• “(…) high impact scholars publish significantly less than prolific ones, and more frequently in journals.”

So while telling the world about what you do matters… you have a lot of freedom about it.

What should a sane computer scientist do then? His main focus should be on producing lasting contributions to his field. He should then publish them where they are likely to be noticed.

If all you have ever done is fight for scarce spots at a selective venues, you have achieved nothing of importance. Really important work creates tangible value that is self-evident.

Note: To be fair, I have never achieved anything of importance and probably never will. But I am having a lot of fun.

Further reading: Mentoring Advice on “Conferences Versus Journals” for CSE Faculty by Kevin W. Bowyer and How Are the Mighty Fallen: Rejected Classic Articles by Leading Economists by Gans and Shepherd.

Nomad cards and keys
We all have mobile phones or tablets with lightning or micro-USB plugs, and we all have laptops with USB ports. Sure, you can easily find a USB-to-micro-USB cable, and your iPhone came with a USB-to-lightning cable… but who wants to be carrying around a cable?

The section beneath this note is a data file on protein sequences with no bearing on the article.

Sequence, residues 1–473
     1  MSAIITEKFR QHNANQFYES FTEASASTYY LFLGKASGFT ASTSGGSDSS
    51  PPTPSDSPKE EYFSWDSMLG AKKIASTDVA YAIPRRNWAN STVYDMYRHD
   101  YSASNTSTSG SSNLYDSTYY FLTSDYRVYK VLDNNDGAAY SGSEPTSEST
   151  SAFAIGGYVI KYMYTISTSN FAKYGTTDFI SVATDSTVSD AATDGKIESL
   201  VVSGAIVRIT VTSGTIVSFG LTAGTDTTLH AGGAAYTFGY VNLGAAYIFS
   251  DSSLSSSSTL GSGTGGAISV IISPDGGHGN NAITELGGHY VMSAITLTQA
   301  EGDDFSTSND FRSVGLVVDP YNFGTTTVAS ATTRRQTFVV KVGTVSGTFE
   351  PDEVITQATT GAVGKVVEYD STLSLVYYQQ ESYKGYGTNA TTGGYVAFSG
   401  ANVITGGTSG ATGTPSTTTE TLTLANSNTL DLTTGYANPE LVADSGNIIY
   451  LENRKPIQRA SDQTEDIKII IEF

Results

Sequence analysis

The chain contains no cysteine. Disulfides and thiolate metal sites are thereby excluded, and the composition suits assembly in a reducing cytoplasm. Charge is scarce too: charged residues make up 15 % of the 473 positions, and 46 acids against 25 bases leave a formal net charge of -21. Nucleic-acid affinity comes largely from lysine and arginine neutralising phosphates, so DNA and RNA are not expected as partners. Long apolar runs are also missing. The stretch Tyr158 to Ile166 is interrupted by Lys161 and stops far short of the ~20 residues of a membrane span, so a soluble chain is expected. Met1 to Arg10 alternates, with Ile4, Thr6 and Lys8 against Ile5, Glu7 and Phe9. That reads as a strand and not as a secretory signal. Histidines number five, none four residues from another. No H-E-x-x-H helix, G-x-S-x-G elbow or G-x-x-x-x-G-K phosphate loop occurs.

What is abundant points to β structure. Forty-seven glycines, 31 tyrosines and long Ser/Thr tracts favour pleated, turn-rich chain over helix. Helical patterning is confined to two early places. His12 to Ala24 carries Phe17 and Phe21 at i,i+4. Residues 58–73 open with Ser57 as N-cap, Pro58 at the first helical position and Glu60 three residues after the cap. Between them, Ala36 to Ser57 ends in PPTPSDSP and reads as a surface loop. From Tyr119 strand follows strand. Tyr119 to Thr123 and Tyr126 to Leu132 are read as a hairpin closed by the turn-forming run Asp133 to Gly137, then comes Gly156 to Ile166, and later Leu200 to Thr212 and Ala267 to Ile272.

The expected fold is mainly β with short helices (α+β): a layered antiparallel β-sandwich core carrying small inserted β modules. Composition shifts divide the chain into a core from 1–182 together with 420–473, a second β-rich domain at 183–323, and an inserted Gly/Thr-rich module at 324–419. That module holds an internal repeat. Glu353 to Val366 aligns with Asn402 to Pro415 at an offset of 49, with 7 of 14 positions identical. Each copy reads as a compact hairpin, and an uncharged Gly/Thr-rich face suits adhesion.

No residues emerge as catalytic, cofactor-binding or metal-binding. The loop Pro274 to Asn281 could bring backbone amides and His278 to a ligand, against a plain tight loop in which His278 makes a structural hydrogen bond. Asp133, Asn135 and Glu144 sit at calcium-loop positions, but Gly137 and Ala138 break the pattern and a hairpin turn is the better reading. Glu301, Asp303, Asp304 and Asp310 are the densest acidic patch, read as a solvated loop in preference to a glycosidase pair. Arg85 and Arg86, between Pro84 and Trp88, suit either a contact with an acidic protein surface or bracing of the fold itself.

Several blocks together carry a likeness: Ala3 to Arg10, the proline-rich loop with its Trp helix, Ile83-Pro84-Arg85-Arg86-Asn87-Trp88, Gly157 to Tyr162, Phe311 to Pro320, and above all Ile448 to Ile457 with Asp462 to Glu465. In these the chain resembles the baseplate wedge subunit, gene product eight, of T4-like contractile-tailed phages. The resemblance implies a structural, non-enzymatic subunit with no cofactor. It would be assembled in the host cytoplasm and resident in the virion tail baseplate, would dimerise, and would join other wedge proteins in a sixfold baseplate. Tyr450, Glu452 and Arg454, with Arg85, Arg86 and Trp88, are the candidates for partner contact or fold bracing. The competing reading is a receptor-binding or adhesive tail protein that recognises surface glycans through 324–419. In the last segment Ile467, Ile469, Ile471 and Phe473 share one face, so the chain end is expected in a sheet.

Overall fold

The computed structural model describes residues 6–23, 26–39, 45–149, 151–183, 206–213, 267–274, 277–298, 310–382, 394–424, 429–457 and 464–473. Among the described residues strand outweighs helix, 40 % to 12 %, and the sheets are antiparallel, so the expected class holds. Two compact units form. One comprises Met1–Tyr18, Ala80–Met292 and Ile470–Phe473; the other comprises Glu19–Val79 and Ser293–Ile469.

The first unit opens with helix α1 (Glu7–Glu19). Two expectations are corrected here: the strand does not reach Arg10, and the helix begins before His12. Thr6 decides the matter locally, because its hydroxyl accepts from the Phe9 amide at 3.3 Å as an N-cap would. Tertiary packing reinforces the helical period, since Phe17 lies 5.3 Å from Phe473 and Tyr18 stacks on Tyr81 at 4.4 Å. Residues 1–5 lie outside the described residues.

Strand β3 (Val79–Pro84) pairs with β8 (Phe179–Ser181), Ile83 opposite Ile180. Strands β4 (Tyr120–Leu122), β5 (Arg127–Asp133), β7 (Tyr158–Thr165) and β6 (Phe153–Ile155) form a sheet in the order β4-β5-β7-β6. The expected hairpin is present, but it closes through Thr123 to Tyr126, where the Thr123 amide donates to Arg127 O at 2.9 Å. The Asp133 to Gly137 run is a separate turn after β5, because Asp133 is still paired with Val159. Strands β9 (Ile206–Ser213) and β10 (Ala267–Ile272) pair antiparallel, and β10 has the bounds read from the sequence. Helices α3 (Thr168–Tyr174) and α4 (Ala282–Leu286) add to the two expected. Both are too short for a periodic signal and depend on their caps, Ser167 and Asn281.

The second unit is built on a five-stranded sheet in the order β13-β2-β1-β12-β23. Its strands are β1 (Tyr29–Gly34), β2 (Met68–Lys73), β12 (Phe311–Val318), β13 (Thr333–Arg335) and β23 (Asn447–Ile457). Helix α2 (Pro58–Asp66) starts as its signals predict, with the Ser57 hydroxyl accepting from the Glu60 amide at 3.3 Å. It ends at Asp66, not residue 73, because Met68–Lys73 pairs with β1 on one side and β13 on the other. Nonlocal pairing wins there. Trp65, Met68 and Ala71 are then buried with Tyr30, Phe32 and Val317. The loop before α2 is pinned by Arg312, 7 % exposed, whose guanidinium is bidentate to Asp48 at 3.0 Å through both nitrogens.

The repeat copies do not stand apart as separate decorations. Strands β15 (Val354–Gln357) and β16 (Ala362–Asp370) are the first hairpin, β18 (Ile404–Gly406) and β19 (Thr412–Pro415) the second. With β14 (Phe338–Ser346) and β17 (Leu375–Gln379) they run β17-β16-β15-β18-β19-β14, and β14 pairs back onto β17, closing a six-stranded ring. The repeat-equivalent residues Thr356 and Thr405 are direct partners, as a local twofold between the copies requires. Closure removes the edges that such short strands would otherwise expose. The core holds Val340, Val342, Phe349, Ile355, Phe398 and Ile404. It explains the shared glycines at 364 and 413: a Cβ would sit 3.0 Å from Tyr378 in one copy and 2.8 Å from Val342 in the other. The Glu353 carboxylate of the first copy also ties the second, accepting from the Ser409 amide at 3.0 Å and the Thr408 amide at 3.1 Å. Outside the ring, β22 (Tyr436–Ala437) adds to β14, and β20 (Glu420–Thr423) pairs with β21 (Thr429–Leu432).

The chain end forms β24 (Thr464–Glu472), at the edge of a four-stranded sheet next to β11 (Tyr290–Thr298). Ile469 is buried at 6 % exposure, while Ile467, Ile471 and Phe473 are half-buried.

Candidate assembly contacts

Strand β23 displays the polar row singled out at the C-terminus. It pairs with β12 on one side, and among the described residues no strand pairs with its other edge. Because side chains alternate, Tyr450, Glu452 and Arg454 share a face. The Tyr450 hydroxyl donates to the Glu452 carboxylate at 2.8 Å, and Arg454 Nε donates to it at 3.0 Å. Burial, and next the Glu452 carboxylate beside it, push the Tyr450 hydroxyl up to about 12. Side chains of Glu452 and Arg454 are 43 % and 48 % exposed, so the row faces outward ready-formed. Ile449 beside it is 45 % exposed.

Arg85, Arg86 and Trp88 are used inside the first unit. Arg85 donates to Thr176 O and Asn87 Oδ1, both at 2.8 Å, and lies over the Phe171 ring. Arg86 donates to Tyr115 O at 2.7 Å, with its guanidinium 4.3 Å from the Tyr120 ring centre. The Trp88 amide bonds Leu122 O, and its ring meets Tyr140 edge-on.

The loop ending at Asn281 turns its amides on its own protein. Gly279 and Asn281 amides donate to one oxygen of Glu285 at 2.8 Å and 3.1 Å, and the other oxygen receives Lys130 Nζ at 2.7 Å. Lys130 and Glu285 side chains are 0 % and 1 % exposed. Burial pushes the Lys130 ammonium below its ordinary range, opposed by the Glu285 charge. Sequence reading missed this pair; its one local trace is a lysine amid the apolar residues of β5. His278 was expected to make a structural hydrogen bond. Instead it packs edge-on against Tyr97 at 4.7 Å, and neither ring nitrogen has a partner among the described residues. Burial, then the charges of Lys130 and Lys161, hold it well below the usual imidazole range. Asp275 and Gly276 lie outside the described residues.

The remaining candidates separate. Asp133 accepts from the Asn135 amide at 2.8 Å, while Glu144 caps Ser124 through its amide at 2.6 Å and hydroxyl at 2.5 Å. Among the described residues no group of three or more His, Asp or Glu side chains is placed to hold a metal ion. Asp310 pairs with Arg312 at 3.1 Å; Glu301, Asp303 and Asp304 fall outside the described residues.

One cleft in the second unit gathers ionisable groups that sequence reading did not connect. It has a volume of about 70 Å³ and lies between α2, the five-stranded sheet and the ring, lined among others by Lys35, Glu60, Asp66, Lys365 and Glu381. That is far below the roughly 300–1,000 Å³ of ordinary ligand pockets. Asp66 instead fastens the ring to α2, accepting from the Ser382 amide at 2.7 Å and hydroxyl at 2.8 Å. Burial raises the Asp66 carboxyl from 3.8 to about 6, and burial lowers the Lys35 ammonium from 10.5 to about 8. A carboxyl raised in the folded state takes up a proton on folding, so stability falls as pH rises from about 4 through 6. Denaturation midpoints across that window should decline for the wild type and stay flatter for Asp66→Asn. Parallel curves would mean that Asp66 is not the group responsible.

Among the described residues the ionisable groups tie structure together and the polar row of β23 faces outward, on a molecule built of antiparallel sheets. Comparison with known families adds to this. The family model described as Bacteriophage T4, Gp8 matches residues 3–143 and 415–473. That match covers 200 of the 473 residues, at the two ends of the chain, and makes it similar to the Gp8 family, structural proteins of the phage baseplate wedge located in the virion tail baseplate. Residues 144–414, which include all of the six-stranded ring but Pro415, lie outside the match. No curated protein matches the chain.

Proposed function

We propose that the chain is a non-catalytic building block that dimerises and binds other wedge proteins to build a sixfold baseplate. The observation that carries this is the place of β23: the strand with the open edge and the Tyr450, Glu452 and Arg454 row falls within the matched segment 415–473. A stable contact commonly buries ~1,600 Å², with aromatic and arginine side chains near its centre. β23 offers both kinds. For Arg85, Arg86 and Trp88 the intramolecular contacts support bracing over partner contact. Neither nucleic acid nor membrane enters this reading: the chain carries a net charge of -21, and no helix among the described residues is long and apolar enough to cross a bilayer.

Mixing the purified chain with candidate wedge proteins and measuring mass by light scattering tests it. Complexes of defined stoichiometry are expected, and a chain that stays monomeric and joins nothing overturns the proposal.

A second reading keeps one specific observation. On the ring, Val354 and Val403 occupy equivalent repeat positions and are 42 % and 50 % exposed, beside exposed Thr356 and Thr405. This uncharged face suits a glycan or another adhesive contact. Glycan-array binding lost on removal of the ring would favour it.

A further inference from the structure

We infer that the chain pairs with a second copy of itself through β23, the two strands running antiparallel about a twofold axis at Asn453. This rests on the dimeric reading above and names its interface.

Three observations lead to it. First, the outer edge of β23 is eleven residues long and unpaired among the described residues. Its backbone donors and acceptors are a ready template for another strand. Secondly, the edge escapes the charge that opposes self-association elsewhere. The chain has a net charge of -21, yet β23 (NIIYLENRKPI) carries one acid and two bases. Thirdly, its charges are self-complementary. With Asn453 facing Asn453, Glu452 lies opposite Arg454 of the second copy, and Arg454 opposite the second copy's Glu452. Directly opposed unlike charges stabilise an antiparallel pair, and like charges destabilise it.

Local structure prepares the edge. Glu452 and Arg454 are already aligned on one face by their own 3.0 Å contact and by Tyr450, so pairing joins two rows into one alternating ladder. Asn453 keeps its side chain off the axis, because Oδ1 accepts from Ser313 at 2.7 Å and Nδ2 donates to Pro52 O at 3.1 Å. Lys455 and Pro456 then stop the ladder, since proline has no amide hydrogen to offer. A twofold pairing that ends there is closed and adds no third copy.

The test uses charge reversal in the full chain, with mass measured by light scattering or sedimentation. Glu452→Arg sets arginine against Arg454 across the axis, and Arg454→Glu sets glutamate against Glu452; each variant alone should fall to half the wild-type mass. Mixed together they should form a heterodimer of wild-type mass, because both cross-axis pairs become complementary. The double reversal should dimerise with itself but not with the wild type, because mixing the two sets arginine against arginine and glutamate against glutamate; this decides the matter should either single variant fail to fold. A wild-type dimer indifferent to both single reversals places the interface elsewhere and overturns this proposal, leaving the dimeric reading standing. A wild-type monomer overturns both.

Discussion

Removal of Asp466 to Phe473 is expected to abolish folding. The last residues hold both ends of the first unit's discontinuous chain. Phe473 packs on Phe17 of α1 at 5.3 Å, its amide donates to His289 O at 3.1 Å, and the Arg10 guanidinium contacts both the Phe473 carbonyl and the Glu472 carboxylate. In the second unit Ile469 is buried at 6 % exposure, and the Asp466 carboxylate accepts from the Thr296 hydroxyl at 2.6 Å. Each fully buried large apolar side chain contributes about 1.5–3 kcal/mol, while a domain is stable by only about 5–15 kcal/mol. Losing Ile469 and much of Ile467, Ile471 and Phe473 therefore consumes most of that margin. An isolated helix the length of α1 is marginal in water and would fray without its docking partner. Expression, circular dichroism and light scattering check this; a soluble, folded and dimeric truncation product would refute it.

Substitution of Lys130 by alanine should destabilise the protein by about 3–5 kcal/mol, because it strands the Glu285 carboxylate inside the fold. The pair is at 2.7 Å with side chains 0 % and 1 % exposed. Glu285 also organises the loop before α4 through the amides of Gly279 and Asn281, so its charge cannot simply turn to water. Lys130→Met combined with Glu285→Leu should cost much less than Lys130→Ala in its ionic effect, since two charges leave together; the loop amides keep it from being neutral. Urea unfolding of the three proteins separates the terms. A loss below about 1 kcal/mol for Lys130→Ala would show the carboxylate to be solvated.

A company called Nomad makes small connectors that are much easier to carry than a cable. They have key-like connectors (NomadKey) and card-like ones (NomadCard). They fit in your key chain or in your wallet.

They sent me a few review units (both lightning and micro-USB). I tested them out with many of my devices. They do the job well. My iPad complains that the connector is not approved, but it seems to be a harmless warning. (Nomad says that their connectors are certified so I cannot explain the warning.)

I tried carrying them around and using them at a local café. The NomadCard connectors work well but they do not feel as natural as the NomadKey connectors. The NomadKey is smaller and feels more durable, so I recommend it against the NomadCard.

I got them about a month ago and tested them only a few times. They do feel robust and I cannot see any tear or damage on them. This is somewhat surprising given how much I twisted them. I expect the NomadKey to last years.

Both type of connectors look sharp… much sharper than a cable. They are $30 on Amazon. If you spend a lot of time connecting your tablet or smartphone to a USB cable outside of your office, it is probably worth the price.

Disclosure: I got the review units for free.

Next Page »

Powered by WordPress